Respondent U.S. Bank National Association, as Trustee for the C-Bass Mortgage Loan Asset-Backed Certificates, Series 2006-CB8, demurred to the complaint claiming appellants' complaint failed to allege facts sufficient to rebut the presumption of a valid sale and failed to allege a tender of the total amount of indebtedness owed at the time of foreclosure. Appellants, relying on two out-of-state cases, Landmark Nat'l Bank v. Kesler (2009) 216 P.3d 158, 168 and Mortgage Elec. Registration Sys. v. Southwest Homes of Ark. (2009) 301 S.W.3d 1, asserted that regardless of the language in the deed of trust, MERS is not the beneficiary under the deed of trust and that only the Lender may declare a default.


"`On appeal from an order of dismissal after an order sustaining a demurrer, our standard of review is de novo, i.e., we exercise our independent judgment about whether the complaint states a cause of action as a matter of law. [Citation.]'" (Los Altos El Granada Investors v. City of Capitola (2006) 139 Cal.App.4th 629, 650.) "A judgment of dismissal after a demurrer that has been sustained without leave to amend will be affirmed if proper on any grounds stated in the demurrer, whether or not the court acted on that ground." (Carman v. Alvord (1982) 31 Cal.3d 318, 324.) In reviewing the complaint, "we must assume the truth of all facts properly pleaded by the plaintiffs, as well as those that are judicially noticeable." (Howard Jarvis Taxpayers Assn. v. City of La Habra (2001) 25 Cal.4th 809, 814.) "If the court sustained the demurrer without leave to amend, as here, we must decide whether there is a reasonable possibility the plaintiff could cure the defect with an amendment. [Citation.] If we find that an amendment could cure the defect, we conclude that the trial court abused its discretion and we reverse; if not, no abuse of discretion has occurred. [Citation.] The plaintiff has the burden of proving that an amendment would cure the defect. [Citation.]" (Schifando v. City of Los Angeles (2003) 31 Cal.4th 1074, 1081.) "In addition to the complaint's allegations, we consider matters that must or may be judicially noticed. [Citations.] We also consider the complaint's exhibits. [Citations.] Under the doctrine of truthful pleading, the courts `will not close their eyes to situations where a complaint contains allegations of fact inconsistent with attached documents, or allegations contrary to facts which are judicially noticed.' [Citation.] `False allegations of fact, inconsistent with annexed documentary exhibits [citation] or contrary to facts judicially noticed [citation], may be disregarded....' [Citations.]" (Hoffman v. Smithwoods RV Park, LLC (2009) 179 Cal.App.4th 390, 400.)

Appellants claim that the demurrer should not have been sustained without leave to amend since they pled the elements of a quiet title claim, as set forth in Code of Civil Procedure section 761.020 (except for a technical remedy that could be easily remedied), to wit: a description of the property, title of the plaintiff and the basis for that title, the adverse claims to the plaintiff's title, the date as of which the determination is sought, and a prayer for the determination of plaintiff's title against the adverse claims.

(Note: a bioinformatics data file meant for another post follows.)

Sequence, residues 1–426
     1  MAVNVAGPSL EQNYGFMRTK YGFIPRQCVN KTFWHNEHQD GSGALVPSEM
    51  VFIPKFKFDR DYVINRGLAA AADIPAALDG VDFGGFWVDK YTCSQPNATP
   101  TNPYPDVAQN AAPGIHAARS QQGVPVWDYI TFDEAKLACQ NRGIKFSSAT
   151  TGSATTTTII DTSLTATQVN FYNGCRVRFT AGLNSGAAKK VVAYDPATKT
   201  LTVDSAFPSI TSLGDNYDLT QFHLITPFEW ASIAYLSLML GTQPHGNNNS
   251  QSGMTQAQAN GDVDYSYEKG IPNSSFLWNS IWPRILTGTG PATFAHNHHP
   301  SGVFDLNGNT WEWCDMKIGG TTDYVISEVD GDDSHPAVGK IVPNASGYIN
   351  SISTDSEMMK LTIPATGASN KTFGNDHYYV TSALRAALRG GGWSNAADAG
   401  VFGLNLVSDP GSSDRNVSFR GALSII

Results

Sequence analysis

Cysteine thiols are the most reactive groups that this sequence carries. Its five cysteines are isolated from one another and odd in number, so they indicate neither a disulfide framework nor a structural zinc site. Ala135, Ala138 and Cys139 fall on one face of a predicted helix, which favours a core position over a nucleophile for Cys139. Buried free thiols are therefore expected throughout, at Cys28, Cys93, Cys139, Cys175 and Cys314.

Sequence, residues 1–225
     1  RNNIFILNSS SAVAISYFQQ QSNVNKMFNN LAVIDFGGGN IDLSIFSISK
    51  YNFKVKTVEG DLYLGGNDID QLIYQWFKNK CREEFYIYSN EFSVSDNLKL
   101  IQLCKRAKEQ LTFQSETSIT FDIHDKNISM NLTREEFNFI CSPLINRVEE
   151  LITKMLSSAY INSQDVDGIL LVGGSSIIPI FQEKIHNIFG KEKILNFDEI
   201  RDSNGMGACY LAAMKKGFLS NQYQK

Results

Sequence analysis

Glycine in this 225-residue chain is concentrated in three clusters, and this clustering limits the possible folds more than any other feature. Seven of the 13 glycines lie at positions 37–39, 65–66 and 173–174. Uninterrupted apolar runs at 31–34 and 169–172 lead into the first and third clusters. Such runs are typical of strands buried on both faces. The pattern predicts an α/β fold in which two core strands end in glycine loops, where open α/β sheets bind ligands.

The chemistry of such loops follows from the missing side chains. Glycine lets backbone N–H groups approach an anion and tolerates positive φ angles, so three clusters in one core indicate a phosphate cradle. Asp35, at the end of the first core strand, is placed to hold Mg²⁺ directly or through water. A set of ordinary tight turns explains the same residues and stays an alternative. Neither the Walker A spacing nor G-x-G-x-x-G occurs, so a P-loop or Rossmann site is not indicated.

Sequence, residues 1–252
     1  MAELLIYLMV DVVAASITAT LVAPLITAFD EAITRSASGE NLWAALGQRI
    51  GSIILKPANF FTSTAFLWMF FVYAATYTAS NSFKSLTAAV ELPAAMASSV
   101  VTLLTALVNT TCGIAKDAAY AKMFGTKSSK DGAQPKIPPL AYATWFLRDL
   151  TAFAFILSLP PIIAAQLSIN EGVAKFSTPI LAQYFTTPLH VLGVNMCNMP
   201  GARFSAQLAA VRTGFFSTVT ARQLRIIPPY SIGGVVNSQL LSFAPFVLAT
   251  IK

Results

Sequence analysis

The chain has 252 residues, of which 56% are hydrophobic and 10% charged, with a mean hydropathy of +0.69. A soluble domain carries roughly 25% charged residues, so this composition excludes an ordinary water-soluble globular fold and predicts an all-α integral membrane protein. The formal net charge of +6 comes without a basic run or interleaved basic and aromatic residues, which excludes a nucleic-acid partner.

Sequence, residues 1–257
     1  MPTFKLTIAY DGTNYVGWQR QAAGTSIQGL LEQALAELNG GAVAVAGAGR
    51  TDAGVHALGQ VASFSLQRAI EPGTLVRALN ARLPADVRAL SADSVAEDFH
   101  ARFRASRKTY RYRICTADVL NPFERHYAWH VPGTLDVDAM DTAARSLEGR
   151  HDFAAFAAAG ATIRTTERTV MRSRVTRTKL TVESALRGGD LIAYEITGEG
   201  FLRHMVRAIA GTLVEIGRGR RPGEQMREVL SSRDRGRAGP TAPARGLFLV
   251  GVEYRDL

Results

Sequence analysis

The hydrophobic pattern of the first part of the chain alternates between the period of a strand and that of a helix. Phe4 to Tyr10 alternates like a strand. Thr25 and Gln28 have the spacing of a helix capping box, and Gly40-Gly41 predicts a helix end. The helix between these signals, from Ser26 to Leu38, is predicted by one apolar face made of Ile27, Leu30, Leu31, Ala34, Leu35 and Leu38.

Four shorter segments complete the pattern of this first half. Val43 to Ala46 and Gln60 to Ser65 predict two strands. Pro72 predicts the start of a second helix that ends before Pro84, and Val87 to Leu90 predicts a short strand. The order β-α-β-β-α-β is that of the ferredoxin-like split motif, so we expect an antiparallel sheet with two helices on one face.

Respondent claims that the demurrer was properly sustained in light of the legal effect of the deed of trust, the notice of default, the notice of trustee's sale, the trustee's deed upon sale, and in light of appellants' failure to tender their unpaid balance.

The deed of trust expressly granted MERS, a beneficiary and nominee of the lender, the power to foreclose on the property in the event of appellants' default. There is nothing in the record to indicate the sale was not executed in accordance with the controlling documents. (See Gomes, supra, 192 Cal.App.4th at p. 1149.)3

Appellants challenge the validity of the sale claiming that Ownit (Lender) is still the owner and holder of the note secured by the deed of trust. Since the promissory note was never transferred or assigned and foreclosure under the power of sale in a deed of trust is enforcement of the note, only Lender, or a transferee, had the right to initiate foreclosure proceedings.

The question of whether the assignment of a deed of trust is legally effective without actual transfer of the corresponding promissory note was recently addressed by the Sixth District Court of Appeal in the case of Debrunner v. Deutsche Bank National Trust Co. (2012) 204 Cal.App.4th 433 (Debrunner).

In Debrunner, plaintiff and appellant, Debrunner, along with his co-investors (collectively Investors) extended a $675,000 loan in March 2006 to Barbara Chiu and Shimin Xu, secured by a second deed of trust on a home. Chiu executed a promissory note and second deed of trust in favor of Investors. At that time Chiu was already a trustor on the first deed of trust on the property, having borrowed $975,000 from Quick Loan Funding, Inc. (Quick Loan), in June 2004. The trustee on that deed of trust was Chicago Title Company. The following month Quick Loan assigned the deed of trust, and Chiu's promissory note, to Option One Mortgage Corporation (Option One). Option One shortly thereafter assigned the deed of trust and the note to FV-1, Inc. On September 2, 2008, FV-1 assigned the deed of trust to Deutsche Bank, with respondent Saxon Mortgage Services, Inc. (Saxon) acting as "Attorney in Fact." The deed of trust was recorded on January 5, 2010. (Debrunner, supra, 204 Cal.App.4th at p. 436.)